Four types of plasticity

Source: Norman Doidge, M.D., The Brain That Changes Itself

Research scientist Jordan Grafman has identified four types of neuroplasticity:

1. Map expansion - changes at the boundaries between areas of the brain resulting from daily activity

2. Sensory reassignment - changes in the sensory areas that occur when impairment or loss of a one sense results in the affected area of the brain receiving and processing imput from another sense

3. Compensation - changes in strategy or approach to a task that result when the usually preferred approach is no longer available, for example, following brain injury

4. Mirror region takeover - changes that occur when the brain copes with loss of function in one hemisphere by recruiting the mirror region of the opposite


Neuroplasticity for everyday life

Understanding neuroplasticity is a journey of discovery that takes us in two directions: outward into the world of knowledge and research in neuroscience, and inward for insights into the workings of our minds and the potential for balancing and realigning our everyday lives.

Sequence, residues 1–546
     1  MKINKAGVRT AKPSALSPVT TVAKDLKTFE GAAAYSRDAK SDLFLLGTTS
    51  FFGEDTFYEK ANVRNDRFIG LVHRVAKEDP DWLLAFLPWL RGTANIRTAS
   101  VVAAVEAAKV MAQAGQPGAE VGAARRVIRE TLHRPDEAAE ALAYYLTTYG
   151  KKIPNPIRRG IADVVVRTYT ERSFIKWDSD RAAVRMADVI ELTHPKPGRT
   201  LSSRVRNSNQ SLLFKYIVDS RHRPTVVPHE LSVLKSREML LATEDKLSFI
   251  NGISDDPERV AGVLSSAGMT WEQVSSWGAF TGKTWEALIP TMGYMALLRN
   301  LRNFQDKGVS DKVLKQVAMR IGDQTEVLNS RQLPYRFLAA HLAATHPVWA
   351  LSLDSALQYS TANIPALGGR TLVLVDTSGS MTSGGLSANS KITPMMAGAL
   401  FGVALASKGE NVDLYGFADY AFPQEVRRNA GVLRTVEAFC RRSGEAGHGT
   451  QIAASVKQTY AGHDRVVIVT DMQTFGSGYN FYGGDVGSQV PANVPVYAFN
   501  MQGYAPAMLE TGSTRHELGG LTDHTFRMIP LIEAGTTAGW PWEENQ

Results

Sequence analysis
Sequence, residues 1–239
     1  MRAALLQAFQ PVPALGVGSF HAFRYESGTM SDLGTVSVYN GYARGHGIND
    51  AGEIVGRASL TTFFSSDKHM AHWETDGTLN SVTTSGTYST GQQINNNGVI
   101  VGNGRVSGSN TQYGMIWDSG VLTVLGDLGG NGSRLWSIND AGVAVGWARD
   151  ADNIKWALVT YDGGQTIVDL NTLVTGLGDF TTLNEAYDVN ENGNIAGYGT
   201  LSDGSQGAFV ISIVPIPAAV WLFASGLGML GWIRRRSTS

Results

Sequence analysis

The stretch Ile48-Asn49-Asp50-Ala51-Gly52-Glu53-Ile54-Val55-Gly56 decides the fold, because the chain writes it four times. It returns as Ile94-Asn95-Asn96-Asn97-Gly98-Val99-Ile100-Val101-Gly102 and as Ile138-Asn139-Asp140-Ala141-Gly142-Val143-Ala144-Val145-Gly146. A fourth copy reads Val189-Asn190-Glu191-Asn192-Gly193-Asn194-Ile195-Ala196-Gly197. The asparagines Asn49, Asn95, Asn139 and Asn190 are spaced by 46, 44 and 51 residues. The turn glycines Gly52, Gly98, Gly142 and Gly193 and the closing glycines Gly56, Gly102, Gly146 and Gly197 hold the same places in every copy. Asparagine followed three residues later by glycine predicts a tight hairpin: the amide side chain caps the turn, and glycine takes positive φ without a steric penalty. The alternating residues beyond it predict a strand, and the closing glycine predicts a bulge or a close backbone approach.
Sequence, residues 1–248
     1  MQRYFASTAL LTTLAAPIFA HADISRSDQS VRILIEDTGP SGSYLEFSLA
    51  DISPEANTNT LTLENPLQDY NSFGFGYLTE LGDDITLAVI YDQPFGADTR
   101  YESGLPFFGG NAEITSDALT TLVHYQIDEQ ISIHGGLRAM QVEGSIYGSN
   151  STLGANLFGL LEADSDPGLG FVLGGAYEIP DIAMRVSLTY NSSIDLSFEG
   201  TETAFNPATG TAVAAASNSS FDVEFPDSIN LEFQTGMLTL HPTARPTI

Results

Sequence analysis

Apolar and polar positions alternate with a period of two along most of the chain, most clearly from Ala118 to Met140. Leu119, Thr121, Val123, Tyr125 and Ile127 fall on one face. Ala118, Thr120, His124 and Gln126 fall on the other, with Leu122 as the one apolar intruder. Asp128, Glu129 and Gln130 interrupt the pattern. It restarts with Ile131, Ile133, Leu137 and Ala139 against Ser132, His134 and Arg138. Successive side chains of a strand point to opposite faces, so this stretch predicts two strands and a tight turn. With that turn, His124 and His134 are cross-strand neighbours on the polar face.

This journey requires learning new concepts like critical period, brain mapping, and rewiring the brain, as well as considering everyday concepts like memory, forgetting, learning, decision-making, and culture from new perspectives. It means becoming familiar with some plasticity-based therapies that are helping individuals cope with brain disorders like post-traumatic stress disorder (PTSD) and obsessive-compulsive disorder (OCD). It provides insights into the complexity of the brain and helps uf to understand why so many questions and problems related to our brain remain unresolved.

However, relating what we know about neuroplasticity to metacognition, and understanding what is required to build and maintain brain fitness enables us to apply that knowledge to our everyday lives and personal goals. The rewards are life-changing.